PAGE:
The Partners’ Commitment
The Alzheimer’s Association and Cure Alzheimer’s Fund are committed to recognizing outstanding investigators early in their careers to encourage them to stay in the field and help to accelerate the search for effective therapies for Alzheimer’s disease. Each partner has pledged $100,000 per year for a current total of two awards of $100,000 each year. The partners invite interest from other organizations willing to participate at the $100,000 level to expand this opportunity in the future.
I. Program Key Dates
Qualifying Letters Open Receipt Date September 26, 2008
Qualifying Letter Deadline December 1, 2008
Application Deadline January 8, 2009
Review Process February-May 2009
Award Announcement July 2009
II. Eligibility and Nondiscrimination Statement
To avoid disqualification, investigators are encouraged to carefully consider these eligibility requirements before applying.
- Applicants must have an MD and/or PhD degree, be early in their research career and be below the rank of full professor (No longer than 8 years out of an MD or PhD degree program). Postdoctoral Fellows may apply.
- Applicants must have demonstrated commitment to and early achievement in the field through published research that advances the understanding of the causes of Alzheimer’s disease and that will accelerate the development of effective therapies for Alzheimer’s disease.
- Applicants must be supported by their home institution, which must agree to receive and administer the award money without retaining overhead or indirect costs.
- Applicants, if selected, must be able to:
- attend the announcement of the receipt of the award at the 2009 International Conference on Alzheimer’s Disease (ICAD 09)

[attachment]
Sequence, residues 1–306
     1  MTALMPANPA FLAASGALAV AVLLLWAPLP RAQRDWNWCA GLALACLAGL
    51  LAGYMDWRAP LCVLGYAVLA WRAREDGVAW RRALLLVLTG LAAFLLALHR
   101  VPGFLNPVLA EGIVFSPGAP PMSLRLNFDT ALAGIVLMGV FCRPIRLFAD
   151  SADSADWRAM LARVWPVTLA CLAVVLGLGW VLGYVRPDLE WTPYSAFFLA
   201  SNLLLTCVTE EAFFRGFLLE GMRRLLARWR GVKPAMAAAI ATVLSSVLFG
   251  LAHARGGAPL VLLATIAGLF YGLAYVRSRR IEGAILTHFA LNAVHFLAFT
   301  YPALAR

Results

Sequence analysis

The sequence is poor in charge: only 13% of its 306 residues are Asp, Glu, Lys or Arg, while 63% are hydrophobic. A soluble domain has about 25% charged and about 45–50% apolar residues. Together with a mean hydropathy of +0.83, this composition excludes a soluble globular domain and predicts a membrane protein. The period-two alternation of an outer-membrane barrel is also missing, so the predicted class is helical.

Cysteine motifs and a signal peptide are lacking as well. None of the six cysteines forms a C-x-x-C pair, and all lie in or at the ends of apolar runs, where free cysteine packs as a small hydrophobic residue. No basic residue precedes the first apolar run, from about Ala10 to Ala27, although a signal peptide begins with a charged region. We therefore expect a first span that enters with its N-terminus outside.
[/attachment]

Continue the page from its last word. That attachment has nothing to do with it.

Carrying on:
- be available for limited public relati
ons activities related to the award
- make a short public presentation of their work and how they used the award at ICAD 2010, and
- serve for one year on the selection committee for the next round of awards
The Award Committee reserves the right to accept applications from scientists based on their discretion.
The Tomorrow’s Leader Award Committee and partners do not discriminate on the basis of race, sex, sexual orientation, religion, color, nationality or ethnic origin, age, disability, or status as a Vietnam Era Veteran or disabled veteran, in the selection of the awardees.
III. Application Procedures
Submitting a Qualifying Letter on-line via proposalCENTRAL
The purpose of the Qualifying Letter is to ensure that all applicants are eligible for the competition and meet required criteria. The first step in applying to the Tomorrow’s Leader Award is to submit a Qualifying Letter through the proposalCENTRAL on-line application system at https://proposalcentral.altum.com. The Tomorrow’s Leaders Award selection process uses proposalCENTRAL as a central clearing house for information from award nominees, as do more than 30 other organizations sponsoring grants and awards. Through the proposalCENTRAL website, those submitting Qualifying Letters will find the Tomorrow’s Leaders specific protocol. First time users must
register and fill out a Professional Profile in proposalCENTRAL to begin the application process.